Occupy COMO supports Wall Street protest

Tuesday, September 27, 2011 | 9:01 p.m. CDT; updated 9:12 p.m. CDT, Thursday, October 13, 2011
Jef Hamby, Ariel Burkhardt and Vernice Santos hold up signs in front of Columbia City Hall Tuesday evening. The group has named its protest Occupy CoMo as an offshoot of the Occupy Wall Street movement that has spread internationally.

A group of protesters stood in front of Columbia City Hall Tuesday evening. The group has named itself "Occupy CoMo," an offshoot of the "Occupy Wall Street" protest in New York.

The New York protesters are camping out in a lower Manhattan plaza to speak out against corporate greed and social inequality. They got a morale boost Monday from filmmaker activist Michael Moore, who told the crowd they were the start of something big.

"It warms my heart to see all of you here," Moore told the few hundred people gathered at Zuccotti Park. He told them they each represented thousands of other Americans, and to not lose heart, that "our power is derived from the people."

He railed against Wall Street and the richest of the rich, saying "they have tried to take our democracy and turn it into a 'kleptocracy.'"

The protest is in its second week. Moore, an outspoken critic of Wall Street and its role in the economic downturn, arrived in the evening.

"These people on Wall Street ripped off the future of many of these young people here and their not-yet-born children," he said. "It was the greatest heist, certainly of my lifetime. This protest has to start somewhere, and it might as well have started here."

While the main focus of "Occupy Wall Street" is centered on the financial world, those camping out in the park speak to causes covering the political and social spectrum, including supporters of Ron Paul and the anti-war activists of the Granny Peace Brigade. The protest has also included marches, with mixed results. On Saturday, about 80 people were arrested in tense and sometimes physical interactions with police.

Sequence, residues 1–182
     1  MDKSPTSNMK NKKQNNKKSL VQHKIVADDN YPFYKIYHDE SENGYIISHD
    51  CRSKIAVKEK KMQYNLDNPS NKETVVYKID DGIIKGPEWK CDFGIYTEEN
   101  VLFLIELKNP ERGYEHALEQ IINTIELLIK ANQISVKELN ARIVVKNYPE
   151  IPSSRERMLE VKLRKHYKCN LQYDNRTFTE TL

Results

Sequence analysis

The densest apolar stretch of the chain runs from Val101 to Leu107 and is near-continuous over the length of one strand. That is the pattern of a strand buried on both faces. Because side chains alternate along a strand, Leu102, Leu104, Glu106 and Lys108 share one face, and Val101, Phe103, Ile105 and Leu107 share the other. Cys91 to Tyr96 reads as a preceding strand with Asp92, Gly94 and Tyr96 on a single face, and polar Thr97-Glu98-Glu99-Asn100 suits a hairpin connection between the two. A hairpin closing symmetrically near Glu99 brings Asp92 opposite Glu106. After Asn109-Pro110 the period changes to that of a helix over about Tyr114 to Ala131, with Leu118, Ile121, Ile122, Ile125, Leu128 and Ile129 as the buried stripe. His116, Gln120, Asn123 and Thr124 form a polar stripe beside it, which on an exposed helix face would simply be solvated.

Video of some of the arrests were posted online and included scenes that appeared to show officers using pepper spray on women who already were cordoned off and officers handcuffing a man after pulling him up off the ground, blood trickling down his face. The police have said the response was appropriate to the situation. However, Occupy CoMo was protesting Tuesday against this police violence.

A march Monday night in New York was not confrontational.

Jef Hamby lifts up his Guy Fawkes mask to explain the Occupy CoMo movement to a passerby. Hamby is protesting police violence against Occupy Wall Street protesters in New York.

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Jeremy Calton September 28, 2011 | 1:11 p.m.

Since the Tea Party claims it was a nonpartisan grassroots movement started to protest Wall Street bailouts, you'd think there'd be a lot of Tea Partyers at these things, and heavy round-the-clock sympathetic media coverage from pundits, bloggers, and news media on the right, just as there was for the Tea Parties.

Well, that's quite a conundrum. If only I could think of an explanation for it all.

(Report Comment)
John Schultz September 28, 2011 | 1:24 p.m.

I think the reason is that the Wall Street protests are not focused on just the bailouts, but what the protesters think of Wall Street in general.

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